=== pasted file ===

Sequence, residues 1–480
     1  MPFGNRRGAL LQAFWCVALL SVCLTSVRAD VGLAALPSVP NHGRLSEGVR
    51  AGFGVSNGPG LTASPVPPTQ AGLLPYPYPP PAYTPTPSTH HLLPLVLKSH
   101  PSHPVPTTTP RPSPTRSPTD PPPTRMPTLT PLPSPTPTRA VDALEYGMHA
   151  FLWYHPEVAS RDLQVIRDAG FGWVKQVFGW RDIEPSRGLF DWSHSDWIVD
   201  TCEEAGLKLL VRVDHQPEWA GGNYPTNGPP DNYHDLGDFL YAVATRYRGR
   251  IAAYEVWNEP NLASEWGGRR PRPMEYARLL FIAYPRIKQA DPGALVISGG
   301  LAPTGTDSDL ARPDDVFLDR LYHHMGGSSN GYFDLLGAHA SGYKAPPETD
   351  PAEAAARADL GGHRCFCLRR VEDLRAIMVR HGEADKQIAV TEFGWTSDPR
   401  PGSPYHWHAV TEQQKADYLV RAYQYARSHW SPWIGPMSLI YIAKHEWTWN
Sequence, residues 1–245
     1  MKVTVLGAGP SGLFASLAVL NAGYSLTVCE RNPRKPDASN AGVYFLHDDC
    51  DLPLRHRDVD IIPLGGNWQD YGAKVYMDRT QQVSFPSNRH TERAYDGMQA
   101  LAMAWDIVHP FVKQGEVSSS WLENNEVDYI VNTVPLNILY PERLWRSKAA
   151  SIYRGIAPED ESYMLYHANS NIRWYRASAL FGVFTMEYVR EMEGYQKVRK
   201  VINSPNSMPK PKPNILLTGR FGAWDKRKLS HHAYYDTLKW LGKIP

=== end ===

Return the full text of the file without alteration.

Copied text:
Sequence, residues 1–480
     1  MPFGNRRGAL LQAFWCVALL SVCLTSVRAD VGLAALPSVP NHGRLSEGVR
    51  AGFGVSNGPG LTASPVPPTQ AGLLPYPYPP PAYTPTPSTH HLLPLVLKSH
   101  PSHPVPTTTP RPSPTRSPTD PPPTRMPTLT PLPSPTPTRA VDALEYGMHA
   151  FLWYHPEVAS RDLQVIRDAG FGWVKQVFGW RDIEPSRGLF DWSHSDWIVD
   201  TCEEAGLKLL VRVDHQPEWA GGNYPTNGPP DNYHDLGDFL YAVATRYRGR
   251  IAAYEVWNEP NLASEWGGRR PRPMEYARLL FIAYPRIKQA DPGALVISGG
   301  LAPTGTDSDL ARPDDVFLDR LYHHMGGSSN GYFDLLGAHA SGYKAPPETD
   351  PAEAAARADL GGHRCFCLRR VEDLRAIMVR HGEADKQIAV TEFGWTSDPR
   401  PGSPYHWHAV TEQQKADYLV RAYQYARSHW SPWIGPMSLI YIAKHEWTWN
Sequence, residues 1–245
     1  MKVTVLGAGP SGLFASLAVL NAGYSLTVCE RNPRKPDASN AGVYFLHDDC
    51  DLPLRHRDVD IIPLGGNWQD YGAKVYMDRT QQVSFPSNRH TERAYDGMQA
   101  LAMAWDIVHP FVKQGEVSSS WLENNEVDYI VNTVPLNILY PERLWRSKAA
   151  SIYRGIAPED ESYMLYHANS NIRWYRASAL FGVFTMEYVR EMEGYQKVRK
   201  VINSPNSMPK PKPNILLTGR FGAWDKRKLS HHAYYDTLKW LGKIP